Leedmees Review

Leedmees offers a fun twist on the Lemmings formula but bites off more than it can chew.

The danger in mixing a tried-and-true game type with motion controls is that you could be left wishing for a traditional controller. Not so with Leedmees, a Lemmings-like game that requires you to usher simple creatures, called Leedmees, from one area to another. The Leedmees are on autopilot, forever marching forward into peril. It's your job, as a giant spindly stick person, to use your body to carry, push, shove, and protect these fragile creatures on their way to the goal. This game puts your Kinect through its paces, and when it works, it's mostly fun. You won't wish for a controller while you play, but you might be wishing for a break, or stronger muscles.

Things start out easy, and there's something satisfying about helping these little creatures get home safely.
Things start out easy, and there's something satisfying about helping these little creatures get home safely.

Besides the obvious "your body is the controller" twist, Leedmees throws in a number of other challenges that make this more than just another Lemmings-style puzzle game. Every level has a time limit, usually no more than a couple of minutes, so the pace is much faster than what the methodical march of the Leedmees implies. Each level is sprinkled with bonus stars that you can have the Leedmees collect to earn you a higher performance ranking. There are environmental dangers too, like spikes, ghosts, button-activated platforms, and more. New challenges and gameplay twists are introduced every couple of levels; a late-game twist that switches your gestures to mirrored movement is especially devilish. After 40 or more levels with regular movement, something as simple as a mirrored switch can completely melt your mind.

The time limit, plus the never-ending march of the Leedmees, adds a sense of urgency to each level that works both for and against the game. On the plus side, you blow through levels quickly, and you're constantly scooping, hopping, and leaning to transport Leedmees--you rarely hold a pose longer than a few seconds. Because challenges come at you fast and frequently, you don't get the "this is starting to get old" feeling that you get with many motion-based games. On the downside, some levels have you moving too fast, and the Leedmees are exceptionally fragile. A quick arm swing can send them flying to their deaths, and a misplaced foot could result in LeedMee homicide. The threshold for level completion is generous--you need to save only half of the Leedmees to pass--but hitting that threshold on some of the later levels can be a pain, literally.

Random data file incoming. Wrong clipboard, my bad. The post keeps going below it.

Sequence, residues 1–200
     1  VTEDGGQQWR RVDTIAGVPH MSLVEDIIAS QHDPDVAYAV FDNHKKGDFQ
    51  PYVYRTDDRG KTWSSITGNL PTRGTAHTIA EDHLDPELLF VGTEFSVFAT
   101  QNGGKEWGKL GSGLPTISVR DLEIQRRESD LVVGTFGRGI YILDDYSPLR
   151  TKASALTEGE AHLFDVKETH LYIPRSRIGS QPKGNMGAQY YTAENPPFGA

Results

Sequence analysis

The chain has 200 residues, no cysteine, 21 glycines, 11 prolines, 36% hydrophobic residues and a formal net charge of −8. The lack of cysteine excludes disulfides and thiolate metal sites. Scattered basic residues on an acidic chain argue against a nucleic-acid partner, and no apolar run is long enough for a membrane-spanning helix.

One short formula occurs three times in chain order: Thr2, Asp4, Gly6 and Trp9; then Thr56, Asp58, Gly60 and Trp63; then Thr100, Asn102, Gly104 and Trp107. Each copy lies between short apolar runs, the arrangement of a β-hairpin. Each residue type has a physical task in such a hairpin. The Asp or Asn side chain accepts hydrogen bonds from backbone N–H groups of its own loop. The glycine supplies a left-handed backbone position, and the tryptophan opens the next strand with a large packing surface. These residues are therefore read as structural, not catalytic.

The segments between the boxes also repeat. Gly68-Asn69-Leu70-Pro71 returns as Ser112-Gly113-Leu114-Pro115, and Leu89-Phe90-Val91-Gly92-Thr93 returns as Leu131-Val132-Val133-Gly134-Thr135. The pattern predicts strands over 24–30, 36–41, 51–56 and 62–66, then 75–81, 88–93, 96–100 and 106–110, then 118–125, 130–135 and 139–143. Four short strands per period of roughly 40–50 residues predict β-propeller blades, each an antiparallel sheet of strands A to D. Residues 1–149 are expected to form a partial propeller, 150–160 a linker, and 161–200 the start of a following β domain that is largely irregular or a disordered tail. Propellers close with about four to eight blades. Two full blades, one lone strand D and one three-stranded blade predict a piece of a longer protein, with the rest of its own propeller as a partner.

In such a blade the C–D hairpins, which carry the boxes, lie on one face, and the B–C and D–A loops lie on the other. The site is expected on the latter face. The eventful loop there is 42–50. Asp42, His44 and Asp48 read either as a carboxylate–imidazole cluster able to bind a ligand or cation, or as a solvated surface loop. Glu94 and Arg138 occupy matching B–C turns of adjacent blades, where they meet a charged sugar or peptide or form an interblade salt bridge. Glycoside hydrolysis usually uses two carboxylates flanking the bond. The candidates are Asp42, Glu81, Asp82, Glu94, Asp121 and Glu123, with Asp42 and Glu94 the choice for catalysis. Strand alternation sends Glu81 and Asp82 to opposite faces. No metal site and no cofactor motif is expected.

The relentless pace is fun for a while, but things start to break down when you need to make precise moves. Broad gestures, like spreading your arms to make a lazy bridge, or holding your hands up to create an impromptu transport cage, work great. But some challenges, particularly the levels that require you to hold down buttons, create more frustration than fun. Watching your Leedmees march to their deaths because the game failed to pick up your subtle movement can be infuriating, especially when your muscles are attempting to revolt against the unnatural contortion you're forcing them into. The further you get, the more you feel like you and the game are just barely keeping up with each other. The sense of accomplishment you feel when beating the early levels is replaced with a feeling of relief by the end.

In this level you need to press accordion buttons, wave away ghosts, and transport Leedmees. The real challenge is to do all that without falling or cursing.
In this level you need to press accordion buttons, wave away ghosts, and transport Leedmees. The real challenge is to do all that without falling or cursing.

Getting past the completion threshold for the 50 single-player levels can be done in two or three hours. The extremely flexible and overly patient can stretch this out longer, since most of the achievements are locked behind "S" Rank requirements. The co-op multiplayer is fun for a few levels but is ultimately too sloppy to play for long. You're often forced to stand very close to, or touch, your co-op partner. The Kinect isn't so hot at determining whose limb is whose when all it can see is one amorphous blob. The dreamy art style and generic music are bland, but at least the characters, obstacles, and enemies are all easily identifiable, which is helpful later in the game when you're keeping mental tabs on way too many things at once.

Leedmees is a game that's good for casual play; attempting 100 percent completion in this game is a great way to make you hate it. Using your body to solve puzzles can be fun, but pulling a muscle because you're trying to get that last impossible star is not. Leedmees sports the same $10 price tag as other Kinect games available on Xbox Live, while offering a decent amount of content and replay value. It's worth a look if you want unique Kinect content that doesn't involve minigames.

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    The Good
    Frequent challenges keep you moving in different ways
    Tons of levels to play alone or with a friend
    Puts a fun Kinect-controlled spin on an old concept
    The Bad
    LeedMees are too fragile
    Late-game levels demand too much
    Uninspired presentation
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    Leedmees More Info

  • First Released Sep 7, 2011
    • Xbox 360
    Leedmees is a dreamlike game where your body is the controller.
    Average Rating16 Rating(s)
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    Developed by:
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    Content is generally suitable for all ages. May contain minimal cartoon, fantasy or mild violence and/or infrequent use of mild language.
    Mild Fantasy Violence